1 PM Tuesday 5 September 2017 Nunhead Heights
‘Unopened Letters From My Mother’, my 2017 Edinburgh Festival show, touched nerves.
I hadn’t realised how many people had broken off contact with their blood relatives. I would like to believe the show made people move closer to their families or accept what they were doing.
The show was one of the hardest things I have ever done – and harder for an audience to experience. My reading a different unopened letter from my dead mother was called ‘extra level mining of personal grief’ by one review site.
I hadn’t anticipated that I’d need to make the show funny. Yeah, I know it was listed in the ‘Comedy’ section of the Fringe programme. I thought it would just be funny. Actually, I hadn’t thought much about it. If I had thought about it I probably wouldn’t have done it. 21 shows, all different. All painful. All with some moments of understanding and joy. Bloody hard work, as the English say. A crying old man isn’t easy to watch.
The letters reminded me of what my mother was going through and what, perhaps, I put her through. And to read them on-stage only added to the guilt and pain. My mother would have loved that her voice was being heard. In one of the letters she wrote that she wanted the letters she had written to her Rabbi made into a book! Her letters were part of her self-expression.
The shows left me feeling empty, exposed as a bad son. But I also learned how my mother expected me to save her from her self-made dreadful life yet she hadn’t given me the tools to save her. I’ve spent a lifetime thinking I was either her salvation or the cause of her distress. That wasn’t fair of her.
‘Unopened Letters’ – The Tour
I am digitising the letters and will be putting them up on my website. I will be making a show out of the experience of reading the letters and about how people grow distant. I am going to take it on tour so that others can gain some insight into their own situations and I can make some money out of the effort I have already put in. That is something my mother would have approved.
The reviews for Edinburgh are interesting in themselves and must have been tough for the reviewers to write, as the show was unusual. I hadn’t thought it was a comedy but that is what my comedy is, making laughter out of dis-ease and discomfort. The only difference is that it was an attempt at instant comedy from immediate pain, as Steve Bennett of Chortle pointed out.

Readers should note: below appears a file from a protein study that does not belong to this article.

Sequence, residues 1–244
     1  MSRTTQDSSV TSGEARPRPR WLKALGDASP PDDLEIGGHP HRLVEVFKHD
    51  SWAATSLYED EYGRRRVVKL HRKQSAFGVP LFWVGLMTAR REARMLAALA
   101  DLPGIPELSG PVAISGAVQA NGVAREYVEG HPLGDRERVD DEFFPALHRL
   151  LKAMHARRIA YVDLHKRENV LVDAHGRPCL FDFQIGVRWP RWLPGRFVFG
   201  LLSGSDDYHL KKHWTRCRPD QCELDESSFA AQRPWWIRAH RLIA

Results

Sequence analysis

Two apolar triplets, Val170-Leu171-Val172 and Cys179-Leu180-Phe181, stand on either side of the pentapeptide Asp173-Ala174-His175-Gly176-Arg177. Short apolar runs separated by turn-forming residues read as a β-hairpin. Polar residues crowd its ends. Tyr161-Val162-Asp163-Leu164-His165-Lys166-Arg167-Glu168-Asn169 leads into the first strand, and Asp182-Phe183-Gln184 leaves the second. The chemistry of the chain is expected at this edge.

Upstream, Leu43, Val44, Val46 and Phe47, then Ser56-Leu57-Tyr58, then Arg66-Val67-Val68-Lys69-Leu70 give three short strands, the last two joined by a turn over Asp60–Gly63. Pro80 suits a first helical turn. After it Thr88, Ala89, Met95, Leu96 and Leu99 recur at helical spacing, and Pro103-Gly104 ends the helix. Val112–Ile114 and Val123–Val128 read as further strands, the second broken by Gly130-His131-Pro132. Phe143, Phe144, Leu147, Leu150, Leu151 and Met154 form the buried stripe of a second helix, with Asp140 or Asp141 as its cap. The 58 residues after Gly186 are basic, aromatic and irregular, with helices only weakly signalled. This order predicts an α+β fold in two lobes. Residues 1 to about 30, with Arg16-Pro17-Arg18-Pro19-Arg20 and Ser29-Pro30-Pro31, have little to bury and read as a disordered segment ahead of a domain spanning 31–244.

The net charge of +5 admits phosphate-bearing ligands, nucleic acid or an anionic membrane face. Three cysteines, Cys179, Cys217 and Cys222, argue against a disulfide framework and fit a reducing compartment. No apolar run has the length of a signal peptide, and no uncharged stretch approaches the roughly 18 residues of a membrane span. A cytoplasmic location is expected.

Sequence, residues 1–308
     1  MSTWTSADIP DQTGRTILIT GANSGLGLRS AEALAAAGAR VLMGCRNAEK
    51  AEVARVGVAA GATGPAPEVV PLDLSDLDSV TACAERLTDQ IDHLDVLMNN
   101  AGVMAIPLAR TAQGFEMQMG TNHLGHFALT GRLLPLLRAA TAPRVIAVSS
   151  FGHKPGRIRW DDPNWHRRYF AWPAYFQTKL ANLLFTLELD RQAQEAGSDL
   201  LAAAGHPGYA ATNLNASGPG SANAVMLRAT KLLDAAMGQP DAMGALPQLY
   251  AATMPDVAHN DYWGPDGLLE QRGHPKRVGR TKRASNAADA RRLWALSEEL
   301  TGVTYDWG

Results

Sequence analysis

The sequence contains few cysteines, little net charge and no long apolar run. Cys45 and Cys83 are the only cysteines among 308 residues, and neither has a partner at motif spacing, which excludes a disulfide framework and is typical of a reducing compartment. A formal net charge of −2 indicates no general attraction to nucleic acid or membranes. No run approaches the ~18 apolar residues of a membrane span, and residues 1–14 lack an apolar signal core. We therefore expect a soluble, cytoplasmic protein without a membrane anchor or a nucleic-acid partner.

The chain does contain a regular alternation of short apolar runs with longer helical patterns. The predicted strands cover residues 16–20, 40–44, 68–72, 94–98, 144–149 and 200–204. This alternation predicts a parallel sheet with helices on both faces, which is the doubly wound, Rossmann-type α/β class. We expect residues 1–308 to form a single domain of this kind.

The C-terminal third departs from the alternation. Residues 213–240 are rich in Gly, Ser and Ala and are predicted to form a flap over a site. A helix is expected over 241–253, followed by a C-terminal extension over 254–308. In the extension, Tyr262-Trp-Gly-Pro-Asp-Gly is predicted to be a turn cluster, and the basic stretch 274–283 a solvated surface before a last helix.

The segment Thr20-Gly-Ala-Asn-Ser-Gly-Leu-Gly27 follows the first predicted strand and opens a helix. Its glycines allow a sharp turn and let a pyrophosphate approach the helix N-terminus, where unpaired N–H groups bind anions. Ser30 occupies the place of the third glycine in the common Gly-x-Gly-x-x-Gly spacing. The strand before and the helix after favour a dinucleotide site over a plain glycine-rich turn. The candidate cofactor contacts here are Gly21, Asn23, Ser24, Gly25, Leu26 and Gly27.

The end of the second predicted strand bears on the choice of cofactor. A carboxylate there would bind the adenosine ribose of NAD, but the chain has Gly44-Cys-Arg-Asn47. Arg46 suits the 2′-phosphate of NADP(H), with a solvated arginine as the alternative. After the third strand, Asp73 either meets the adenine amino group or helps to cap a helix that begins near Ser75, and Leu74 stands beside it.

The show was awarded the Fringe Experience Award by The Wee Review Awards – given ‘to the show that provides the most memorable and extraordinary experience at the Fringe, be it good, bad or plain strange’. ‘Exposing and uncomfortable hour of Schaffer reading aloud letters from his dead mother for the first time.’ [Matthew Keeley]
Robert Peacock, The Wee Review [Not starred]:
‘This is extra level mining of personal grief; it throws shade on your “Dead Dad” comics. Here we have the raw material, entirely unadorned or sculpted for effect. It’s the only Fringe show that might have been worth seeing every night of its run, and one of the very few offering real jeopardy. It may yet yield something unbearably painful. Joyous? Unlikely.’ http://theweereview.com/review/lewis-schaffer-unopened-letters-mother/
Kate Copstick, The Scotsman ★★★★:
‘But it is hard for me not to let my rising rage at him as a person get in the way of a fair review. The show is extraordinary. It picks its audience up and carries them into a vortex of awfully funny and plain awful.’ http://www.scotsman.com/lifestyle/culture/edinburgh-festivals/comedy-review-lewis-schaffer-unopened-letters-from-my-mother-1-4533548
Steve Bennett, Chortle ★★★:
For some, the fact that this is quite unlike anything else in the programme will be enough to make it a must-see. Unopened Letters From My Mother isn’t so much comedy as an affecting performance art experience, in which comic Lewis Schaffer prods away at the scab over a deep emotional wound, just to see what might happen.’ http://www.chortle.co.uk/review/2017/08/11/37437/lewis_schaffer%3A_unopened_letters_from_my_mother
Brian Donaldson, The List ★★★:
‘The point of all this remains rather unclear, but you have to admire the gall of the man. Unopened Letters From My Mother could be brave, brilliant or baffling. Chances are it’s all three.’ https://edinburghfestival.list.co.uk/article/94552-lewis-schaffer-unopened-letters-from-my-mother/
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